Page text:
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April 1993, Vol. 116, No. 4
Daniel J. Curtin
B etween 1972 and 1990, the natural and processed cheese industry has been affected by three recessions, changing consumer tastes, and consumers' desire for a healthier diet.1 Yet the industry has maintained a growth rate in productivity of 2.3 percent annually during this 18-year period. Output in the cheese industry advanced at an average annual rate of 4.6 percent and employee hours rose 2.3 percent annually. The use of computers, improvements in mechanized cheese making systems, and a consolidation of the industry have contributed to the industry's rising productivity.2
Six annual downturns in productivity and three declines in output in the industry occurred during the 1972-90 period studied. Productivity trends are divided into two separate periods-1972-79 and 1979-90. As table 1 shows, a period of modest productivity growth in the 1972-79 period was followed by more substantial growth over the 1979-90 period.
Between 1972 and 1979, the industry felt the effects of the 1973-75 recession. While output did not decline during the 1973-75 recession, its rate of growth slowed. During the 1979-90 period, output, hours, and productivity rose.
Output and demand
Three primary markets for cheese products are food service or restaurants, ingredients in other products, and retail grocery stores. Sales to the food service industry have expanded rapidly cause of increasing popularity of fast food outlets. For example, production of mozzarella cheese, one of the main ingredients in pizza, increased more than 400 percent in the past 15 years.3 The use of cheese as an ingredient in other foods has increased rapidly over the 1972-90 period and this trend is expected to continue. In 1986, 251 new products using cheese as an ingredient were introduced to the market. The largest use of cheese as an ingredient is in frozen dinners, sandwiches, and pizzas. Cheese also is becoming more widely used in bakery items such as crackers and garlic bread, as well as in snack foods.4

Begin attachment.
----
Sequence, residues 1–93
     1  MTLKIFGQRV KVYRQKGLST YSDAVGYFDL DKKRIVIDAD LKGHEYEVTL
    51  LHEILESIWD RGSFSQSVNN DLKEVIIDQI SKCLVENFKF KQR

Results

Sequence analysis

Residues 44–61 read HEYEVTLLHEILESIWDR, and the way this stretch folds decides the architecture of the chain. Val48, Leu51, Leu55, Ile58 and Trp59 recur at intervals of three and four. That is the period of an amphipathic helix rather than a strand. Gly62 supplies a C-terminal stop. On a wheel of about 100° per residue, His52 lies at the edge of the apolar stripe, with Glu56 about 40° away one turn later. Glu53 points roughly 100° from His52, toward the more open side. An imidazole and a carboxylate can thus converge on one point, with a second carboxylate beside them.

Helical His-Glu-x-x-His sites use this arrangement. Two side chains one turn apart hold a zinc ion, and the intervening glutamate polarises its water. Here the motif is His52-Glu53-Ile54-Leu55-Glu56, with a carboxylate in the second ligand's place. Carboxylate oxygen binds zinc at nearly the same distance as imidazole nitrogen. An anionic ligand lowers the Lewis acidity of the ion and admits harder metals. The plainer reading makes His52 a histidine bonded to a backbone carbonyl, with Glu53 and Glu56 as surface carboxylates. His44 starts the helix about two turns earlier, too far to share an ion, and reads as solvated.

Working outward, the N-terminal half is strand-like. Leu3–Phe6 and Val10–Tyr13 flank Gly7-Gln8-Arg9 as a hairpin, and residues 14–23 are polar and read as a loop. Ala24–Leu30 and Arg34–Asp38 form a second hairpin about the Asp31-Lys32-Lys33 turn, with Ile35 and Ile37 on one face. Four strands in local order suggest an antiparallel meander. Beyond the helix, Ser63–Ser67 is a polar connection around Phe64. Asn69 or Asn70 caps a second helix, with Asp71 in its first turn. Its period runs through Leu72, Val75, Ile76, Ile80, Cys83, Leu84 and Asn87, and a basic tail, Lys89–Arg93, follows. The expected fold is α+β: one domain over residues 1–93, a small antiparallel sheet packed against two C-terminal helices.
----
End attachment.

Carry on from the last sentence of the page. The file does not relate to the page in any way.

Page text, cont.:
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1 The Office of Management and Budget has designated the natural, processed, and imitation cheese industry as SIC 2022 in the Standard Industrial Classification manual, 1987. the industry is comprised of establishments engaged primarily in manufacturing natural cheese (except cottage cheese), processed cheese, cheese foods, cheese spreads and cheese analogs (imitations and substitutes). These establishments also produce byproducts such as raw liquid whey.
All average annual rates of change mentioned in the text and tables are based on the compound interest method of computation. The indexes for productivity and related variables are updated annually and published in the Productivity Measures for Selected Industries and Government Services (Bureau of Labor Statistics).
2 The productivity indexes for the natural and processed cheese industry represent change over time in the ratio of the weighted outputs of the industry's products to employee hours. A technical note describing the methods used to develop the indexes is available from the Office of Productivity and Technology Studies.
The weighted output indexes use a deflated value technique. Annual output indexes are benchmarked to more comprehensive data available every 5 years in the Census of Manufactures.
Output is defined as the total industry production in shipments and net changes in inventories of finished goods and work in progress. Data available from the Bureau of Economic Analysis (BEA) and the Census of Manufactures show that large quantities of natural cheese are purchased from establishments classified in the natural and processed cheese industry. This may lead to double counting the output that could distort the output and productivity indexes. Therefore, an estimate of intra-sectoral shipments was calculated for the industry using data from BEA and the Census of Manufactures. These data were used to adjust the final output indexes for the industry. A more complete description of the methodology used to construct these measures is n the appendix.
3 Dairy Products, 1987 Summary (U.S. Department of Agriculture, National Agricultural Statistics Service, Agricultural Statistics Board, May 1988).
4 Jerry Dryer, "New Products and New Uses Give Cheesemakers New Life," Dairy Foods, Vol. 90, January 1989, pp. 66-67.
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